In what is seen as a knee-jerk reaction, police take action even before cause of mishap at metro rail site is established
TP Chatram police on Thursday arrested two persons, including a Larsen & Toubro manager, in connection with the metro rail site accident on Wednesday that killed one worker and injured six others.
The arrested were Kanagaraj (32), manager of L& T, residing in Nolambur, and Rajesh (35), deputy project manager at the site, who is employed with an Andhra Pradesh-based construction firm.
A case was registered under Sections 304 A (causing death by negligence), 287 (negligent conduct with respect to machinery), 337 (causing hurt by act endangering life or personal safety of others) and 338 (causing grievous hurt by act endangering life) of IPC.
Police is in pursuit of the operator of the crane, Amilesh Yadav, who is absconding. “We will certainly get him by Friday morning,” an officer said.
Kanagaraj and Rajesh were produced before a magistrate at the Egmore Court on Thursday and later released on bail. A large posse of media persons were present on the court premises but lawyers and company representatives prevented lensmen from taking any photographs.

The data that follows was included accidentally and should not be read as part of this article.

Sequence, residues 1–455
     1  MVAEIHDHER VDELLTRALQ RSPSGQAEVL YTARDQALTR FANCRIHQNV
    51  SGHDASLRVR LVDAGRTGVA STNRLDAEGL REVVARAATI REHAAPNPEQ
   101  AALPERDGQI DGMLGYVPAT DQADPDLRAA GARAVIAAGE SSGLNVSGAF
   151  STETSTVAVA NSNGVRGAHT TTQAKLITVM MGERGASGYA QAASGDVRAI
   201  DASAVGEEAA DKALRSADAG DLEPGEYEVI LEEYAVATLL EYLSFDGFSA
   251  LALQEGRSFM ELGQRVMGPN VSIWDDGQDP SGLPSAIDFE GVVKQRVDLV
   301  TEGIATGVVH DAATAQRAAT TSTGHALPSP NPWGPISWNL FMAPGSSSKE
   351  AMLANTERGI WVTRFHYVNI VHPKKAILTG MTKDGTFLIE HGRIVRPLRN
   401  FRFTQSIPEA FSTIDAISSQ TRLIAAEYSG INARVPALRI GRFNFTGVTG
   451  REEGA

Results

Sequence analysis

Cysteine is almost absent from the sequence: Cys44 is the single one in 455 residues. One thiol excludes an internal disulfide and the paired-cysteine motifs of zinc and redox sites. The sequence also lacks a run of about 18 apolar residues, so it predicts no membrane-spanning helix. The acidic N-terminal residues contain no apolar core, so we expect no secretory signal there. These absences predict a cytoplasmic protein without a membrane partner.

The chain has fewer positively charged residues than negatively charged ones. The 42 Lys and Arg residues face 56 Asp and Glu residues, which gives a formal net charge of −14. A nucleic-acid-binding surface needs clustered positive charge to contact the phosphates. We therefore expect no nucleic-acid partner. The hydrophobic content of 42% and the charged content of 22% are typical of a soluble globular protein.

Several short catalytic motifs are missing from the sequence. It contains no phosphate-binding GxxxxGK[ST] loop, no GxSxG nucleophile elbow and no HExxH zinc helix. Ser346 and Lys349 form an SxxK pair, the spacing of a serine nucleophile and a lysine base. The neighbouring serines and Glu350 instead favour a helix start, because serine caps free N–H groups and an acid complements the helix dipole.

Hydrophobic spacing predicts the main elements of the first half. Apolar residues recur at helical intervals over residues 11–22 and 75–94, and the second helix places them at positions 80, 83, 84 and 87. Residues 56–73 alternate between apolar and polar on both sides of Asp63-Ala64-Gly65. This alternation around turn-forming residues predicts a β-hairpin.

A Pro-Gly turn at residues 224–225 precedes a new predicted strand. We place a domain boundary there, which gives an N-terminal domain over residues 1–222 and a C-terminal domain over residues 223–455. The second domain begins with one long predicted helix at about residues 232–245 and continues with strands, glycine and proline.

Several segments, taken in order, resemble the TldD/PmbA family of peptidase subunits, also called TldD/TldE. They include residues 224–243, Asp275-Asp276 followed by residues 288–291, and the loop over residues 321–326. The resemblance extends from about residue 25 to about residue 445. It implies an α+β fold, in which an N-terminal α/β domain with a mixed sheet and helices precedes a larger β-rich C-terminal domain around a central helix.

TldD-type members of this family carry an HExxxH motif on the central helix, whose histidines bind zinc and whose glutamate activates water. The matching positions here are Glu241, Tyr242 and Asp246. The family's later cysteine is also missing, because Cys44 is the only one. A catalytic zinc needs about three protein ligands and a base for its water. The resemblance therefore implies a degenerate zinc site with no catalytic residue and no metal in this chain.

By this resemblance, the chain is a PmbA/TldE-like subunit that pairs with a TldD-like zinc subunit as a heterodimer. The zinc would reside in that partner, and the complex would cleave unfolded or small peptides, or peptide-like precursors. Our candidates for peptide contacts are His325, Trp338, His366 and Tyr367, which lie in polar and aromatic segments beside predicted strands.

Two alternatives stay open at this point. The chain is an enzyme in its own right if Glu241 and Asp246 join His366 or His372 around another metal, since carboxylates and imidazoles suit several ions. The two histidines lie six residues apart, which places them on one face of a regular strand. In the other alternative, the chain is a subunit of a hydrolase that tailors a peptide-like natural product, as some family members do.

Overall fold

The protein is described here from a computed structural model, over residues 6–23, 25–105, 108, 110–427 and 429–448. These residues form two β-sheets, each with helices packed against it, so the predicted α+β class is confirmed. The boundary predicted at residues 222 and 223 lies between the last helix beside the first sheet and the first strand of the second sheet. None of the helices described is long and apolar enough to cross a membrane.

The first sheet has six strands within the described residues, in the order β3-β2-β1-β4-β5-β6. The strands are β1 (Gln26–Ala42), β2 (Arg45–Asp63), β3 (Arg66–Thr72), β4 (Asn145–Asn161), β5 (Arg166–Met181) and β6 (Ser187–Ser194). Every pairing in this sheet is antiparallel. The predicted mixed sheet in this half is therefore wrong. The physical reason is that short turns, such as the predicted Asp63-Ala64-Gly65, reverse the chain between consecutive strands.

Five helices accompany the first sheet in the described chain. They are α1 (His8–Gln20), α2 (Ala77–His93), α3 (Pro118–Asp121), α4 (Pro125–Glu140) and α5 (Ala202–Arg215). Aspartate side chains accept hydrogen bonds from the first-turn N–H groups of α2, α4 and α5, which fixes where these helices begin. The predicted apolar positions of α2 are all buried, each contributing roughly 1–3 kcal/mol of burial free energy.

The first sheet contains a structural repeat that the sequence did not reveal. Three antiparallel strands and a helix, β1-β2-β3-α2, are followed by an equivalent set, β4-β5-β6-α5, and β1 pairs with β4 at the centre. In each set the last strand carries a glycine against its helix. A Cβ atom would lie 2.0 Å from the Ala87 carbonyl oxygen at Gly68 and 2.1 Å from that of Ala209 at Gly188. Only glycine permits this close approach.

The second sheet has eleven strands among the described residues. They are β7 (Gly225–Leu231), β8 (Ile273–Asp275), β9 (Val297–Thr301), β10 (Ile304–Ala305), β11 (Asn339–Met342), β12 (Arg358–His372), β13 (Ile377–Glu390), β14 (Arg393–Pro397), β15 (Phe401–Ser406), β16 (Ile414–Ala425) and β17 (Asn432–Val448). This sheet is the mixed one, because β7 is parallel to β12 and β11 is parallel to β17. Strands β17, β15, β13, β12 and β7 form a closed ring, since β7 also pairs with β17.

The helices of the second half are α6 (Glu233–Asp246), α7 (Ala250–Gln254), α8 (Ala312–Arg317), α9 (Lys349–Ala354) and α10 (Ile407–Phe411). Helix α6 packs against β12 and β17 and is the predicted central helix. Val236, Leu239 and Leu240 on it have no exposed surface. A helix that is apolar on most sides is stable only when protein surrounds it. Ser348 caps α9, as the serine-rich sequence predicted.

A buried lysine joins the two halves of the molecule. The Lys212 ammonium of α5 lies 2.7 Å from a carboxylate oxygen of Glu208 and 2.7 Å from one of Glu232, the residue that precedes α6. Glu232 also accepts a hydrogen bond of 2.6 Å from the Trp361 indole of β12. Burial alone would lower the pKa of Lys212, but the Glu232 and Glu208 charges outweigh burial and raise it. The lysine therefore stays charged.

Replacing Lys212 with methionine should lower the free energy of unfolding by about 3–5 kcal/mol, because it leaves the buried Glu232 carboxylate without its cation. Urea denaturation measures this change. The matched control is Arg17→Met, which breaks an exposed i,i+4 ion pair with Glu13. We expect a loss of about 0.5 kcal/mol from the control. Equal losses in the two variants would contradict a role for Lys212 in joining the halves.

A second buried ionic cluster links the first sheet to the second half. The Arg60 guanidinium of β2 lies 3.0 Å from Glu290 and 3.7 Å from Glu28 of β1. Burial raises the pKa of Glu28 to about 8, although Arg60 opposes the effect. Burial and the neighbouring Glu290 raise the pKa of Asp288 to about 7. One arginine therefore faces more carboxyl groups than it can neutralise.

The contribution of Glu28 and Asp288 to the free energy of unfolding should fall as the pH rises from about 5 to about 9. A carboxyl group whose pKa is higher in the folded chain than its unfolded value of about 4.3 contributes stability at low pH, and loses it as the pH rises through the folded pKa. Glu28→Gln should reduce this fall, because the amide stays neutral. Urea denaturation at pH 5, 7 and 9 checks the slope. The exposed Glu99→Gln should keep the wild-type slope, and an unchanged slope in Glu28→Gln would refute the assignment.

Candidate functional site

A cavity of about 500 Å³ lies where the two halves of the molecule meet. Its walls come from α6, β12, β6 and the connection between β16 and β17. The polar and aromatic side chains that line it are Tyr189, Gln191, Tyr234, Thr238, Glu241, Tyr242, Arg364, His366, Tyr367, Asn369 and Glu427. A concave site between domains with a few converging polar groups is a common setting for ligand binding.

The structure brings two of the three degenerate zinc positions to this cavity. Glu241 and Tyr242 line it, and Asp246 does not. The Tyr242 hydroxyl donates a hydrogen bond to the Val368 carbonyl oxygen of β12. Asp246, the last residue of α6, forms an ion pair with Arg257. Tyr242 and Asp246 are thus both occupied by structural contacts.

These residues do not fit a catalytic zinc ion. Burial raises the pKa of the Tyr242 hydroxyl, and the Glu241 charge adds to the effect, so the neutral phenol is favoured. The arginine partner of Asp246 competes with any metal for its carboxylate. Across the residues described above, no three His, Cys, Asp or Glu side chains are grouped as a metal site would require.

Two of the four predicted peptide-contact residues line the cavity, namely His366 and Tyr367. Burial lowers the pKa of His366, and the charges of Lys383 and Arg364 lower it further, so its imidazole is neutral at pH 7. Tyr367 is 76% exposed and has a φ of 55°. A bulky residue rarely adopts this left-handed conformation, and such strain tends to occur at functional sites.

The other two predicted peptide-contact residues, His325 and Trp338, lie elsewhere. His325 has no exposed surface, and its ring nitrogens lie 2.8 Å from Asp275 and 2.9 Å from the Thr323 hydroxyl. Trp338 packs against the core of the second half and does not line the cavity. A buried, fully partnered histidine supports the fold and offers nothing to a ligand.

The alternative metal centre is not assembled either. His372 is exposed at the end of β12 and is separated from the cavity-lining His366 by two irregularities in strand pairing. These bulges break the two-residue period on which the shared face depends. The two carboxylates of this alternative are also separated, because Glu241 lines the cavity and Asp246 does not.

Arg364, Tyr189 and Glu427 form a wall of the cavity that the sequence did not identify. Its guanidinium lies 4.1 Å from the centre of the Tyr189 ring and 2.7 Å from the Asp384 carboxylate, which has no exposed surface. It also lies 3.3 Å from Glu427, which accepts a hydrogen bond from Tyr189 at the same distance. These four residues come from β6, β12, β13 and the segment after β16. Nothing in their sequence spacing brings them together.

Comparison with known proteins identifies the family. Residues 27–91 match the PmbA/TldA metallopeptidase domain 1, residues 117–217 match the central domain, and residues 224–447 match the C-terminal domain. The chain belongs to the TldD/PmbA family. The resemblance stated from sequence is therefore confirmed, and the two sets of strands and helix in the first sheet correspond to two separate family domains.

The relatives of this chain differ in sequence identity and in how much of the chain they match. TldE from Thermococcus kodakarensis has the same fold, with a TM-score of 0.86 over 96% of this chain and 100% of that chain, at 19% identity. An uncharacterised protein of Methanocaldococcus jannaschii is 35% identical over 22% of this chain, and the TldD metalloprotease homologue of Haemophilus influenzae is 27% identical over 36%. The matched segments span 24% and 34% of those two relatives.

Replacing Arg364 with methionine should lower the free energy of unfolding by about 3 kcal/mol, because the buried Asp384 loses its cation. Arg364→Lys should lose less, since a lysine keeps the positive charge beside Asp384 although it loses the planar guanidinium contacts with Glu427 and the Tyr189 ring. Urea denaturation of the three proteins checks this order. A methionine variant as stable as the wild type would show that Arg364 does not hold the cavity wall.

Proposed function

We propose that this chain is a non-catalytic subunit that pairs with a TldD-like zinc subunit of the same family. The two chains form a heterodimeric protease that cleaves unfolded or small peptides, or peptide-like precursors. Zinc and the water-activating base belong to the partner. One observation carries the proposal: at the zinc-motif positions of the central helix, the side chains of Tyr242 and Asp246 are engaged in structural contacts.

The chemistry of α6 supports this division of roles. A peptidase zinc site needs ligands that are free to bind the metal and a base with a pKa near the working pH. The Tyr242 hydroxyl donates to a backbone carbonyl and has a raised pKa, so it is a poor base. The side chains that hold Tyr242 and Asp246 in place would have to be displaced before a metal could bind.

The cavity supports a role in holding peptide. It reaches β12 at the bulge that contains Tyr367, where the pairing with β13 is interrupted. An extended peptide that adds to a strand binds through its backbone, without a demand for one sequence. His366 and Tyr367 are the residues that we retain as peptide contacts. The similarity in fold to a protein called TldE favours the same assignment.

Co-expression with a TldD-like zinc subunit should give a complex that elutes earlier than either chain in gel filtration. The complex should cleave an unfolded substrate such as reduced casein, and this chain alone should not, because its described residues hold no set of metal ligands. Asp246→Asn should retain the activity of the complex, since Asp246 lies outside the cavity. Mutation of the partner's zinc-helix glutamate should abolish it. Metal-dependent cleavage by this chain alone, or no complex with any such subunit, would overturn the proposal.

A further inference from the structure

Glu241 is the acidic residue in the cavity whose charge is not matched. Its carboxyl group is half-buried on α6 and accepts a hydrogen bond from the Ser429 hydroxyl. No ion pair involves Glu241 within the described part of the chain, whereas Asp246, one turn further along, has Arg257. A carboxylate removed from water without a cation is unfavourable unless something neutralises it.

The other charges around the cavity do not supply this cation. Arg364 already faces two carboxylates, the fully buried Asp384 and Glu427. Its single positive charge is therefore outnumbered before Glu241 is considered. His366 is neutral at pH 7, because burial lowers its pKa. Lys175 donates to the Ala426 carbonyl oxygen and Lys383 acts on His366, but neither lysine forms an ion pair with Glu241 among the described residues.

On how these men were arrested even before the actual cause of the accident could be established, a senior police officer said, the legal principle of “vicarious liability” applied in such accidents.
“The contractors, supervisors or others in charge of the work, where an accident has occurred, are responsible for faulty machinery or any other snag that might have led to the death of a worker. They have failed to inspect the machinery and ensure it is in good working condition,” an officer said
However, Chennai Metro Rail Limited (CMRL) has not ruled out a machine error or metal fatigue — structural damaged caused by repeated loading — in its probe into the cause of the accident. Holding the crane operator and managers responsible at this stage would be unfair, according to legal experts.
S. Nagashaila, advocate specialising in labour law, said arrest ought to be the last resort — when police fear that suspects may tamper with evidence or go missing. “The Supreme Court has also reiterated this from time to time. But, the police’s knee-jerk reaction in such cases has created a sort of fear psychosis.”
Observing that the crane operator was absconding, perhaps out of fear, she said: “The police fail to see that such a response only hampers further investigation.” If it was a complete machine error, the operator or the managers may not be directly responsible, Ms. Nagashaila said.